How to Dazzle Your Local Food Bank

Susan Kelley
5 min readNov 22, 2021

…By Not Being a Jerk

Photo by Nico Smit on Unsplash

It’s Giving Season. The Salvation Army is ringing bells all over town. The turkey drives are happening. The fliers are coming home from schools and community groups to “fill the basket” and help those less fortunate.

It’s a wonderful thing about humankind, that we want to lend a hand and be good to our fellow man. It truly is.

But recently, I’ve seen a couple of handy-dandy lists in circulation about what is and is not appropriate to give to a local food bank or pantry, and it kind of weirds me out. I suppose it didn’t dawn on me that we needed such a list. But, alas, we did. Except that when I read some of the lists, they were WAY off-base.

How do I know?

I know because starting in March of 2020, and lasting all the way through today, I’ve been volunteering, at first daily (you read that right) and now weekly, at a great little place here in Baltimore that serves up hot meals and bags of groceries to 150 families in the Southeast neighborhood.

I’ve gotten a really cool close-up view. I don’t just get to see what goes out the door arbitrarily; I get to see what families actually want.

We partner with Amazon, who is partnered with Whole Foods, and we take delivery of their unused items, which vary week to week, and we try to make healthy, mixed bags of groceries to distribute evenly among our constituents. This means that some weeks we have a fair amount of meat and fish, paired with a smaller amount of cereal, produce, pasta or cheeses. Other weeks, we are slim on meat but have lots of juice, pasta, whatever. So how do I know what people desire, rather than just what they get by random distribution?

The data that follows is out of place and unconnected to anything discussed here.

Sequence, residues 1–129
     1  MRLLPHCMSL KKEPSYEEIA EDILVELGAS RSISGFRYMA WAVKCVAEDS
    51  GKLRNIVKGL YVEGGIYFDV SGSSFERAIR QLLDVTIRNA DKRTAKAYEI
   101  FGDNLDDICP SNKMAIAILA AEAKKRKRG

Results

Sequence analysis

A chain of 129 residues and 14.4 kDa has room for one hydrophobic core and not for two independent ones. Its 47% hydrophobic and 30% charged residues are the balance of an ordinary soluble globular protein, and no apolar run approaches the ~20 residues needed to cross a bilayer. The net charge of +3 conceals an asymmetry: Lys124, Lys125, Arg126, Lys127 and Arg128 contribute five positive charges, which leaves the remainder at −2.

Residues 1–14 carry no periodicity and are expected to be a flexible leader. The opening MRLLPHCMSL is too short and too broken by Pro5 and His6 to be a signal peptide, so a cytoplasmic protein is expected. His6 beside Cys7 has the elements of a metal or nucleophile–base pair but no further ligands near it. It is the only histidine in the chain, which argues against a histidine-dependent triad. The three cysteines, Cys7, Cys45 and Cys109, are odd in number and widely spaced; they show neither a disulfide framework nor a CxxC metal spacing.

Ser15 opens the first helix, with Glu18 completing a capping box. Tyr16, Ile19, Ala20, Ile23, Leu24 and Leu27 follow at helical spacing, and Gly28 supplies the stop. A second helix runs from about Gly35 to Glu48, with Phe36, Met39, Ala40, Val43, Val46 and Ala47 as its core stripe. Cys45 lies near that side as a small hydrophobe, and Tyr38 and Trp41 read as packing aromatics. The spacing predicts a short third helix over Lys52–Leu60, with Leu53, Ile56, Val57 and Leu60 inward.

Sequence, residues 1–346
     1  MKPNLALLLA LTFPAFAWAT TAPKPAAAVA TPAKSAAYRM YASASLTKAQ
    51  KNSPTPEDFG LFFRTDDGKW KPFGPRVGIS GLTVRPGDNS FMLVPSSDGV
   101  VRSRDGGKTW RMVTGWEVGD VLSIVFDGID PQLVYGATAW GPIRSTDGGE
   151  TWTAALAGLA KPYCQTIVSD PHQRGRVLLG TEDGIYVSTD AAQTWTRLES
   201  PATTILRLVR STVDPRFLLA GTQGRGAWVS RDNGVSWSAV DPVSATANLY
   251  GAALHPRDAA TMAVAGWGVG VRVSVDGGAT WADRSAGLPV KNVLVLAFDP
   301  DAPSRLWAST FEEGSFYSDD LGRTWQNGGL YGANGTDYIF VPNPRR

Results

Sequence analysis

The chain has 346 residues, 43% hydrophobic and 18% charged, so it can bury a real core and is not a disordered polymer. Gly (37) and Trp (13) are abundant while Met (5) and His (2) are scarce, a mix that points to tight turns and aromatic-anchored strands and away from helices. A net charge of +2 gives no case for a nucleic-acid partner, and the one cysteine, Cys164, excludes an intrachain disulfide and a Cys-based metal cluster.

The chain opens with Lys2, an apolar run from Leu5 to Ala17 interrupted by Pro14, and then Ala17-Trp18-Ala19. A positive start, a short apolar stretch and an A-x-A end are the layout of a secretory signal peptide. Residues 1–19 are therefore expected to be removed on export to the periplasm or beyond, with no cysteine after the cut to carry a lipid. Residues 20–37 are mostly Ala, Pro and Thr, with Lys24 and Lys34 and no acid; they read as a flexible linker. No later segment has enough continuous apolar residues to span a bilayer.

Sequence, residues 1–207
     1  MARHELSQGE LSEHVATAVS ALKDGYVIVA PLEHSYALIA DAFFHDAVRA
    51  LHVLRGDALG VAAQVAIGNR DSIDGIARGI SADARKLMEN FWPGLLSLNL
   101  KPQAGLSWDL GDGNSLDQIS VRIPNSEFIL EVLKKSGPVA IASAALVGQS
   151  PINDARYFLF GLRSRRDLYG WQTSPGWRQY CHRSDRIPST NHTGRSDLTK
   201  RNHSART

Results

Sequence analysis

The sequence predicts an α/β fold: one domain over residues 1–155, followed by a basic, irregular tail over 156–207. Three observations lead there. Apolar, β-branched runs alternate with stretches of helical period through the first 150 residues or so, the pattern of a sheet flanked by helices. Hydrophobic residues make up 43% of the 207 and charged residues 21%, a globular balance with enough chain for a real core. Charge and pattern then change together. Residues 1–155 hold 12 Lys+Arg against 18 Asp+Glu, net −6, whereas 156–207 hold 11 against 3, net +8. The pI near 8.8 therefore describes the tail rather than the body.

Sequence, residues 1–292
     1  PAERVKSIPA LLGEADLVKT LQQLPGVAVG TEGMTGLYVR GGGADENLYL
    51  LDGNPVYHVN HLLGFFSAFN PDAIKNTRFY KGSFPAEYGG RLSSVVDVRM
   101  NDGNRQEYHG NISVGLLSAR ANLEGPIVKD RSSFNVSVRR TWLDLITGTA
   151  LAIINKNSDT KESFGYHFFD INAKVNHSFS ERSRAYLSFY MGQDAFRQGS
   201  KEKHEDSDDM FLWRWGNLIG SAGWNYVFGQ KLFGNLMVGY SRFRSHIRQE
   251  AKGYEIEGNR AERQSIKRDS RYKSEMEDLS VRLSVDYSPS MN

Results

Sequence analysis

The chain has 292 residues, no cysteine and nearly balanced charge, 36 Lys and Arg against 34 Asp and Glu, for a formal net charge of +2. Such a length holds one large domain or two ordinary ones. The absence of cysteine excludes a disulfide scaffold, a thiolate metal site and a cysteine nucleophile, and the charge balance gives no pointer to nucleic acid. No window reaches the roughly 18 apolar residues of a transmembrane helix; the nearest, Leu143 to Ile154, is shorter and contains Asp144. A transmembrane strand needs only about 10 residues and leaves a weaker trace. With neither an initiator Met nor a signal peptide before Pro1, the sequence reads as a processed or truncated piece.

I have a small crew of ladies who help me sort and divide the goods we receive, and those ladies get “first pick” to stock up their own grocery bags, to choose what they want ahead of those who are waiting in line outside. This is their “pay,” if you will. They help sort out all of the things we get ahead of time, they help pack the individual grocery bags and prepare them to be handed out. In exchange, they can choose whatever they like, rather than get a random assortment.

Susan Kelley

Susan is a runner, a mom of 3 grown children, and an avid traveler. She writes about humans, and wrote a book about false accusations of sexual assault.